One aspect that enters in here is that energy is continuous, and logic never really is. The neural network that constitutes the mind cannot be identical to any logical language with a finite number of symbols, and all languages ultimately have a finite number of symbols.

Languages may point toward a countable set of values, but they cannot really constitute one, so we cannot even have a language that is 'dense' in the range of potential neural states (the way the rational numbers are dense in the reals). We cannot reasonably claim human language has a continuum of reference points, but the projected balance of ionic charges over time -- the stuff of which our memory is constituted, via Hebbian learning -- naturally does.

So there are basic aspects that biology or physics always involve but that cannot, ultimately be captured in language directly. We can only generalize about them indirectly. So whatever language we use to share or communicate the contents of the brain, it will have been simplified by the necessities of storytelling. This requires that it be rendered discrete.

Turing machines never compute anything continuous, unless we impose some definite limit on precision. So they are not a real model for biological activity that has not been reduced to language. The interal state of an analog machine can represent the full complexity of a fractional-dimensional solution to a differential equation, even if we can only read the output to a given precision.

This doesn't really help say anything useful about either of these two languages, but it does prove they have an essential difference. There is a maximum precision of language that can only approximate the precision of reality asymptotically.

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source | link

One aspect that enters in here is that energy is continuous, and logic never really is. The neural network that constitutes the mind cannot be identical to any logical language with a finite number of symbols, and all languages ultimately have a finite number of symbols.

Languages may point toward a countable set of values, but they cannot really constitute one, so we cannot even have a language that is 'dense' in the range of potential neural states (the way the rational numbers are dense in the reals). We cannot reasonably claim human language has a continuum of reference points, but the projected balance of ionic charges over time -- the stuff of which our memory is constituted, via Hebbian learning -- naturally does.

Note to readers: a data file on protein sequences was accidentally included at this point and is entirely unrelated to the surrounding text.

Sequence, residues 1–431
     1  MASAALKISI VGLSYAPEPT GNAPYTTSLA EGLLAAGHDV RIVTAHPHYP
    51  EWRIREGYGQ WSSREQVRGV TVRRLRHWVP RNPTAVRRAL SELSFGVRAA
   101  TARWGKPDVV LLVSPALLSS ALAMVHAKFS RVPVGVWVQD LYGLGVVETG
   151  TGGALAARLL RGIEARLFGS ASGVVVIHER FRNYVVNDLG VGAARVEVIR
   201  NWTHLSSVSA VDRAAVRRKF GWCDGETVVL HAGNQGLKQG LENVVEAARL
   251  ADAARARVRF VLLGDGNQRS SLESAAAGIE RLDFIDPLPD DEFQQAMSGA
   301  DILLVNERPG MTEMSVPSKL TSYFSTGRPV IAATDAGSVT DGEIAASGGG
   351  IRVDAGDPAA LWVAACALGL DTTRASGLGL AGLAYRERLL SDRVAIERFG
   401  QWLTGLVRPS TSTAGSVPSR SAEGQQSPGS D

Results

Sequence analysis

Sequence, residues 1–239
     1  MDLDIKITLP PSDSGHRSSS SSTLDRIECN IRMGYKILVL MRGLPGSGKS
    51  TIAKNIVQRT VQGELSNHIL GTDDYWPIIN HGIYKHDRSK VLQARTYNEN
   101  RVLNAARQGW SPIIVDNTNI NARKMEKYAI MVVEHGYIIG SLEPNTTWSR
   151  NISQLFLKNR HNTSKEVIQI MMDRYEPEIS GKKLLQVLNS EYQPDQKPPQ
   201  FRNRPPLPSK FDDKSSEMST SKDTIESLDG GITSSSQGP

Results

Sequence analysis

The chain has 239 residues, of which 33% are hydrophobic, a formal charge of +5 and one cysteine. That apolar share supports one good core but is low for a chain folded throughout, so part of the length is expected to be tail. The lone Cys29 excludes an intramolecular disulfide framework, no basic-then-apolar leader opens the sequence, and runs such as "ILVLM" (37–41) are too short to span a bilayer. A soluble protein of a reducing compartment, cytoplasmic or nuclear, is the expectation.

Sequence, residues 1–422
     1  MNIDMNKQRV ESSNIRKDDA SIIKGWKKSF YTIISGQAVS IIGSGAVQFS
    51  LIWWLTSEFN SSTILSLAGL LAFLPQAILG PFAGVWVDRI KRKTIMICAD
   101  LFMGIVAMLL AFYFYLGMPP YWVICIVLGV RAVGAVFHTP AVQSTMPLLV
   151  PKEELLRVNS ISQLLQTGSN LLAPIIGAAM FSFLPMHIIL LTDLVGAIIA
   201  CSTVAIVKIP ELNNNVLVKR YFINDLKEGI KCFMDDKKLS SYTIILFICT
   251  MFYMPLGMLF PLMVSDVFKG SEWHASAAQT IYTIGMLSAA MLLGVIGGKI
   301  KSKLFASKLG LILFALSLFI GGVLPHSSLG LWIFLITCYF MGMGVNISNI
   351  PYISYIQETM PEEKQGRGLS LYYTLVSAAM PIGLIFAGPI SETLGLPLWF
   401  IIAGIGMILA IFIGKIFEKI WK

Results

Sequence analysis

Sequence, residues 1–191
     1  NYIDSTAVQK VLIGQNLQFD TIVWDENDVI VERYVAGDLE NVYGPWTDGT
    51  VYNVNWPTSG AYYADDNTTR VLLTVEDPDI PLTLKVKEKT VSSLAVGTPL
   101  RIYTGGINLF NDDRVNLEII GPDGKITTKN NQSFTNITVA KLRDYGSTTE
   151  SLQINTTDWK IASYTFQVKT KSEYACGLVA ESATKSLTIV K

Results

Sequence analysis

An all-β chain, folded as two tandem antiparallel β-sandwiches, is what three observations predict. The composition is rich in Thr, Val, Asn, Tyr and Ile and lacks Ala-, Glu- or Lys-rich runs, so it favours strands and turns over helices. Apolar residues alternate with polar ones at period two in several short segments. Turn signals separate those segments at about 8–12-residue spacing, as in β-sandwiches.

So there are basic aspects that biology or physics always involve but that cannot, ultimately be captured in language directly. We can only generalize about them indirectly. So whatever language we use to share or communicate the contents of the brain, it will have been simplified by the necessities of storytelling. This requires that it be rendered discrete.

Turing machines never compute anything continuous, unless we impose some definite limit on precision. So they are not a real model for biological activity that has not been reduced to language. The interal state of an analog machine can represent the full complexity of a fractional-dimensional solution to a differential equation, even if we can only read the output to a given precision.

This doesn't really help say anything useful about either of these two languages, but it does prove they have an essential difference. There is a precision of language that can only approximate the precision of reality.